I then made due diligence again, opened a google spreadsheet, and tracked down literally all the services I’m using (even remotely), writing down who had made a statement, in order to change the credentials /after/ they have fixed their systems. I still have a couple of keys to rotate on non critical bits, because not everyone has yet communicated. I also changed the Rails secret and reissued SSL certificates (even if not useful since the server isn’t vulnerable), mostly to train myself to handle this.

Later on, I explained what I did in a short blog post, which I linked from the sign-in form to make sure people would be aware.

A couple of customers replied, thanked me for the handling of the situation.

Some asked for the annual plan I proposed in PS too, which is nice :slight_smile:

Looks simple in retrospect, but I’ve been pretty concerned the whole time!

Hope this helps,

– Thibaut

For my SaaS I did a lot of googling and twitter search to find out (for services which didn’t immediately send an email, which is most).

For “regular users”, check out this:

Given the criticality + widespread coverage, I think a little email cannot hurt.

Plus, /you/ are on the MS stack, but what about your dependencies? (eg: DNS provider, email server etc etc?). It’s always good to think this through a bit, the ramifications are somewhat surprising.

Yeah that’s the gotcha. I was all ready to gleefully send a “we’re not affected!” message out, until I realized Braintree Payment Solutions was in fact affected.

I think it’s bad to not send anything, but it’s worst to send something and then have to backpedal because you forgot about some 3rd party service. Then it looks like you don’t know what you’re doing.

Some 3rd party services don’t hold any identifiable data from users, so it’s not a problem if you don’t inform them specifically, but payment processors are the elephant in the room. They hold your user’s credit card info. I think informing them specifically about that situation is the right thing to do, even if the reality is nobody really knows how much info has leaked out.

Looks like Stripe was affected too by the way…

So after rotating my braintree API keys I posted a message explaining the situation and passing a link to Braintree’s report on the bug. No reaction yet.

I dropped everything when Heartbleed hit, first verifying that we weren’t using a vulnerable version of the OpenSSL library on any of our servers (they’re… old), then spent a day upgrading lower-priority servers to the latest LTS release of Ubuntu so that if another bug drops we won’t be caught with our pants down.

I’ll do this on our high-priority servers (cough the product that pays the bills and has legal consequences for data disclosure cough) when I get a day free to do it right.

I didn’t send an Attn: All Customers email simply because we weren’t vulnerable and I think the average client of my products would be more scared by dodging a bullet than getting hit by one. That’s unfortunate, but that’s how non-technical people work. If we had been vulnerable, I would have sent it out immediately after remediation, emphasizing We Are Totally On Top Of This and Your Data Remains Safe.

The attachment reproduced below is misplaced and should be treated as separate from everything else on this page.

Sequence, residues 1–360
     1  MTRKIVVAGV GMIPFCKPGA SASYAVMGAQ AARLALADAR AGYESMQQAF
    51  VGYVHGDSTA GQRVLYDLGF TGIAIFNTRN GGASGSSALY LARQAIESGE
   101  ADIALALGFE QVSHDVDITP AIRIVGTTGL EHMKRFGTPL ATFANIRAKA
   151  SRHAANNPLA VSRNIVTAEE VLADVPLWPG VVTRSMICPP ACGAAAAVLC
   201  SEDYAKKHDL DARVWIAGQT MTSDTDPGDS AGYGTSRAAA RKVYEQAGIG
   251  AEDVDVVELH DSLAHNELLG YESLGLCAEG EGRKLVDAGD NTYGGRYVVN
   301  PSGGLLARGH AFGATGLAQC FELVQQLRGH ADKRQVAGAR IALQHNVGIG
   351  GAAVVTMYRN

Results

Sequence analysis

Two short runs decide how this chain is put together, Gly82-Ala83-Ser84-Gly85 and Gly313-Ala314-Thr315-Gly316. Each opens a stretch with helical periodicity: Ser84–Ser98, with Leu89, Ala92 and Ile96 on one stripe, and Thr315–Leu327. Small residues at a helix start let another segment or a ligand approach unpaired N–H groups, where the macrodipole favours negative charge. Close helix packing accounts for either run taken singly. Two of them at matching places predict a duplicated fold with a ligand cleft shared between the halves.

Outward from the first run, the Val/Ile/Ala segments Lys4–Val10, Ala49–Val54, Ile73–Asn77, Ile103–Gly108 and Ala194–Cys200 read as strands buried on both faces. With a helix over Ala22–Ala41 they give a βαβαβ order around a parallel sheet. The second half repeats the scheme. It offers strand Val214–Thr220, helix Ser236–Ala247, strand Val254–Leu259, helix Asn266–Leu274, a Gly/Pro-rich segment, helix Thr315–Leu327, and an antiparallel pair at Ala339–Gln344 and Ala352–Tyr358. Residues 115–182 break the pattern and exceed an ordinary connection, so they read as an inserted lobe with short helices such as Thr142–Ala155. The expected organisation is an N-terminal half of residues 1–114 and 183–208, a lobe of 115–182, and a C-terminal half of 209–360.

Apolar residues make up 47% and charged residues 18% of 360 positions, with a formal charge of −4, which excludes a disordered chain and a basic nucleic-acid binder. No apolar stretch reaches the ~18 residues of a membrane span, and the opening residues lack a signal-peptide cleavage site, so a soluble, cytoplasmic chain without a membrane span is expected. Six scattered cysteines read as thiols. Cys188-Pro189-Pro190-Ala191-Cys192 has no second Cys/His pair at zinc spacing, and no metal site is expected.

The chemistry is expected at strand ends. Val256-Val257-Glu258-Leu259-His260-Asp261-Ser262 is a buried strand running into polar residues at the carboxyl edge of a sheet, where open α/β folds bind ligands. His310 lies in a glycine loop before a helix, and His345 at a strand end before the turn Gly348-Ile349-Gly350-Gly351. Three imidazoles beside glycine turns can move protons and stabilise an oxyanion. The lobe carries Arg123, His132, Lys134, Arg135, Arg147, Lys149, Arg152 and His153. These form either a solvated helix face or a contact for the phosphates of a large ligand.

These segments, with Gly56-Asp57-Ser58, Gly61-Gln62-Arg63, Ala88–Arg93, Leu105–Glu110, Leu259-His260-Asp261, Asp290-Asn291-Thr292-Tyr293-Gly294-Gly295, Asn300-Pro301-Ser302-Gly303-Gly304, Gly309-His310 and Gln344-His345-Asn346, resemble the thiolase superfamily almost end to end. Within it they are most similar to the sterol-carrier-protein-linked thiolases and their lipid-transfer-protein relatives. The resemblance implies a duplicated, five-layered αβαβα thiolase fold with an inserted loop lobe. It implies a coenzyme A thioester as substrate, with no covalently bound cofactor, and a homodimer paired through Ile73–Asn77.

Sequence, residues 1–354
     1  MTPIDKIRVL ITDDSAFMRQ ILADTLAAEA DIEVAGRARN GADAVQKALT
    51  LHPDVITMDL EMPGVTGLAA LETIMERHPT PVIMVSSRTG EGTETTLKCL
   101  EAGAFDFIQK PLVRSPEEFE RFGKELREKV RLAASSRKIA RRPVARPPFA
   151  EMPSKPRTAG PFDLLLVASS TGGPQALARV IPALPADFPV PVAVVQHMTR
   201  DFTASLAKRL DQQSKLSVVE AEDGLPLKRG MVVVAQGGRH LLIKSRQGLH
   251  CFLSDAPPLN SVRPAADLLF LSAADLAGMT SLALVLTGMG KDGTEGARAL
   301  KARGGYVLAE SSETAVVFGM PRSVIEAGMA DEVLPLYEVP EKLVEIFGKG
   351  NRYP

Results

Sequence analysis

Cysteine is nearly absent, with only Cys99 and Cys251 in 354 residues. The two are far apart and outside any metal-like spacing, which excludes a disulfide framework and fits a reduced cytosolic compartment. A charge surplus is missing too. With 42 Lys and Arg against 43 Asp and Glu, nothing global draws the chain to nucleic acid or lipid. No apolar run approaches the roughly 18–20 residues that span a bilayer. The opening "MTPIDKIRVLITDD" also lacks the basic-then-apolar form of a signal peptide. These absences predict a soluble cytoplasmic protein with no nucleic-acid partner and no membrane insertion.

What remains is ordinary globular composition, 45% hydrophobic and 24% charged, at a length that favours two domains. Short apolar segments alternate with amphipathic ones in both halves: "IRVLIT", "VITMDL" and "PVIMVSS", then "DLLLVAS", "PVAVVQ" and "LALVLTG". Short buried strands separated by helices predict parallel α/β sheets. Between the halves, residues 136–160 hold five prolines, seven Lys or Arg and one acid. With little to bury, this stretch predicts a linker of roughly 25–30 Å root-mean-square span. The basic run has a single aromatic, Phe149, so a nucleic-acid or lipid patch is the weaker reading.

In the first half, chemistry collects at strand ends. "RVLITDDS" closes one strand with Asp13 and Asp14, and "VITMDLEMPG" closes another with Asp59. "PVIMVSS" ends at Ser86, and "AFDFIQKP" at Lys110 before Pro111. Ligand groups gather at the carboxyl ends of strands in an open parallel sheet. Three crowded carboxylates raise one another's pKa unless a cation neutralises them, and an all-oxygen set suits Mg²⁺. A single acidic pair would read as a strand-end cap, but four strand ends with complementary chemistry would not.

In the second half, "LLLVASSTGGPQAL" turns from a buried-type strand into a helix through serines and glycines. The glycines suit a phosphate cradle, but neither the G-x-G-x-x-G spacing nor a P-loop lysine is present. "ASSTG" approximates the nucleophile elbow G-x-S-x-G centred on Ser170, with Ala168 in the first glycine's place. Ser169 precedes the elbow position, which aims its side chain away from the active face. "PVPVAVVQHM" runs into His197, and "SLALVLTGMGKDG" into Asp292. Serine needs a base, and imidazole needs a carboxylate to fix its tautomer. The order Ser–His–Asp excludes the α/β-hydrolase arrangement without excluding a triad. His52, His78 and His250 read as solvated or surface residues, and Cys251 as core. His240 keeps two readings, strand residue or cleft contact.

Our servers were vulnerable so I patched the servers, recompiled ruby, and reissued certs etc on the Tuesday the Heartbleed story broke (ironically, whilst away at a “Data Protection and Privacy” seminar!).

I struggled a bit about if/how to communicate this to our users though. We store HR performance plans & reviews so it’s pretty sensitive stuff (though thankfully not SSN, address, payment details etc) and our customers are local banks, small businesses etc. They really care about security (in a theoretical sense) but unfortunately know next-to-nothing about it (cough many are still on Windows XP). In the end, I waited a few days whilst I implemented some necessary features (like letting logged-in users actually change their passwords!) and sent the following email just to the admins for each company.

You may have heard of a recent vulnerability, “HeartBleed”, discovered in a popular encryption library used to secure Internet communications (the “https” in your browser). The flaw allowed an attacker to read parts of a server’s memory — potentially revealing user passwords, secret keys and other private information.

It’s estimated that over 60% of all sites on the internet were vulnerable to this flaw including Amazon, Google, Facebook, Yahoo, many online banks, government websites and, unfortunately, WorkCompass. The flaw was discovered early on Tuesday and we fixed our servers a few hours later once the upgraded packages became available for our operating system. Since then, we’ve also reissued our SSL certs, updated other parts of our software and reviewed our logs.

There is no evidence that WorkCompass was compromised at any time and there’s no evidence that your company data was accessed improperly.

At WorkCompass we take data security and privacy very seriously and respond quickly when issues like this arise. It’s also worth pointing out that our SSL configuration has the highest possible security rating and is stronger than most online banks, including those of AIB and Bank of Ireland.

However, out of an abundance of caution, if you want your employees to change their WorkCompass passwords they can do so here: or from the ‘Admin’ menu in the top-right hand corner.

If you have any further queries, don’t hesitate to contact me directly.

In hindsight I should probably have pushed them harder to change their passwords (because none have :frowning: ) but at the time I believed that the only people exploiting this bug were the NSA/GCHQ and I have no confidence that I (or, frankly, any small SaaS business) can defend against state-level actors.